New research

Surface warming ‘hiatus’ could stick around for another decade, say scientists

  • 21 Aug 2014, 19:00
  • Roz Pidcock

A flip-flopping natural fluctuation in the Atlantic is behind a recent slowdown in surface warming - and it's not due to reverse for another ten years, according to new research.

The theory outlined in a paper  published today in the journal Science disagrees with other research, which pins the blame for the so-called "pause" on changes in the Pacific.

We talked to some other scientists working in the field - and they don't seem convinced.

Puzzle solving

Scientists know greenhouse gases are driving up  global temperature. But data on land and  the surface of the ocean shows  slower than expected warming in the last 15 years or so.

Periods of slower and faster warming  aren't unusual. Scientists say the main reason we're seeing one now is because more heat is finding its way to the  deeper ocean, rather than staying at the surface.

But which ocean? Knowing where the heat is ending up might help scientists predict how long the hiatus will last.

Where Is Global Warming Going _infographic

More than 93 per cent of the heat reaching earth's surface goes into the oceans. Just 2.3 per cent stays in the atmosphere. Source: Skeptical Science

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‘Hiatus’ in surface warming is upping the odds of UK cold winters, say scientists

  • 17 Aug 2014, 20:20
  • Roz Pidcock

If you follow climate science, you'll be familiar with the so-called surface warming "hiatus". It's the fact that temperatures at earth's surface haven't climbed as much as expected in the last 15 years.

Now a  new paper published in Nature Climate Change says the slowdown in surface warming could be behind a spell of colder than average winters in the UK recently.

Screen Shot 2014-08-17 At 20.07.46

UK winters in 2009/10 were two degrees and 1.3 degrees Celsius below the 1971-2010 long term average, respectively. The 2012/13 winter was 0.4 degrees below the 1981-2010 average. Source: Met Office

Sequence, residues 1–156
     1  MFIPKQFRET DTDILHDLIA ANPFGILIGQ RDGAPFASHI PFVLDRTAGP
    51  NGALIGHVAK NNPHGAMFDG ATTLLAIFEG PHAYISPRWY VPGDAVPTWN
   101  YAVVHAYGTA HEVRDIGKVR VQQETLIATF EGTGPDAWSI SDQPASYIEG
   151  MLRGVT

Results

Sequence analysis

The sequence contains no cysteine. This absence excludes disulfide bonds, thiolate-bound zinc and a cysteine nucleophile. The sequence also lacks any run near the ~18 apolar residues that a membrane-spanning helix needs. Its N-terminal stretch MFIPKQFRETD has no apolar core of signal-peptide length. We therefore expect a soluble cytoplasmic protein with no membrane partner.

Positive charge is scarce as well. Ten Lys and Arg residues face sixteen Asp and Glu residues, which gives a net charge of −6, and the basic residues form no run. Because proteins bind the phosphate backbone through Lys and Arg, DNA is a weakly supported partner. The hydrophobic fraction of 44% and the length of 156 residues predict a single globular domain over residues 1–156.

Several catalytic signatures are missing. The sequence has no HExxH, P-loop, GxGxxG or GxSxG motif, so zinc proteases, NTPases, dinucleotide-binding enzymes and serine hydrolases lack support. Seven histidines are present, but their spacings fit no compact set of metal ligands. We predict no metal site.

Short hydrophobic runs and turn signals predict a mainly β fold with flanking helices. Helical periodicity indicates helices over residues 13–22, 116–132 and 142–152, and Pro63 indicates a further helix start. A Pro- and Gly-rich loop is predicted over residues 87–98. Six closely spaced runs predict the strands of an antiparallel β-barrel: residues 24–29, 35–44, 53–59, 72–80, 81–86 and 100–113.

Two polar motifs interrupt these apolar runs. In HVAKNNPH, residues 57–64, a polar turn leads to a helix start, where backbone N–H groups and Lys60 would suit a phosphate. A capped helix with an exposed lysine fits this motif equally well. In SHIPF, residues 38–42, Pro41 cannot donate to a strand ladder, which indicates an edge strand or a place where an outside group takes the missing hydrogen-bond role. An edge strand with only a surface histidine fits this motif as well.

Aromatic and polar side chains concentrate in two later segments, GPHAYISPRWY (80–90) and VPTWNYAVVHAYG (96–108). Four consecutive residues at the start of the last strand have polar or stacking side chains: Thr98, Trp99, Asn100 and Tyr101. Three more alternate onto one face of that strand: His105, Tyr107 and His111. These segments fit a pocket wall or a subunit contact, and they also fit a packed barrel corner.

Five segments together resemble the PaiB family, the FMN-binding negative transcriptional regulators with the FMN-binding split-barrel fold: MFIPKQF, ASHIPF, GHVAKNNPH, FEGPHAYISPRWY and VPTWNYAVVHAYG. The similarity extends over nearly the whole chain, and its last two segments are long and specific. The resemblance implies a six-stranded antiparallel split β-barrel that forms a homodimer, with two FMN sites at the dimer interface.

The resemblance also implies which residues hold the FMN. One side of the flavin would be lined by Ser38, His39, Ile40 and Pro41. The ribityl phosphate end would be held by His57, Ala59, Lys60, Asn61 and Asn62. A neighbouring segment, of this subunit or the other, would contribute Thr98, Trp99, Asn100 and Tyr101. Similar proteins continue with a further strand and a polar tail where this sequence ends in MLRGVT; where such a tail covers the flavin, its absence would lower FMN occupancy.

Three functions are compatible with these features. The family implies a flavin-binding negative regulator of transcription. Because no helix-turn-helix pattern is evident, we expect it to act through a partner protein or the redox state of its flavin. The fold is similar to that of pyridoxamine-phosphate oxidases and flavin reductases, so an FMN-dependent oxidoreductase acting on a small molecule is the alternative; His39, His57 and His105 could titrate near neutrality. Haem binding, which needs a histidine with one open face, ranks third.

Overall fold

Cause of the pause

Scientists know greenhouse gases are driving up  global temperature. But data on land and from the surface of the ocean shows  slower than expected warming in the last 15 years or so.

Scientists say periods of slower and faster warming  aren't unusual. Most of  why we're seeing one now is down to natural climate cycles causing the surface of the  Pacific Ocean to cool.

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Government data hints at future challenges for curbing natural gas emissions

  • 05 Aug 2014, 16:30
  • Mat Hope

Gas plays an essential role in the UK's energy mix, providing heat for homes and electricity to sockets. While that's not likely to change in the short term, the fuel will need to be increasingly phased out as the government seeks to  decarbonise the energy sector.

A trawl through new government  data shows how far the UK's come in recent years, and hints at challenges to come.

Gas trends

The UK currently uses three trillion cubic feet of gas each year. That demand may need to fall by as much as  20 per cent over the next two decades if the UK is going to hit its  climate targets.

The Department of Energy and Climate Change's  Digest of UK Energy Statistics, released last week, shows how much would need to change for that to happen.

DECC's data shows gas demand has fallen 17 per cent in the last five years. But while demand has fallen significantly from 2011's high, its plateaued in recent years. Demand was only one per cent lower in 2013 compared to a year before.

Gas is mainly used for two things, as the blue and purple sections of the graph below show: generating electricity, and heating people's homes.

DUKES 2014 UK gas consumptionDECC's data shows gas is being used increasingly sparingly to generate electricity. The amount of gas used in electricity generation fell by 13 per cent last year. But that doesn't necessarily spell good news for the UK's emissions.  

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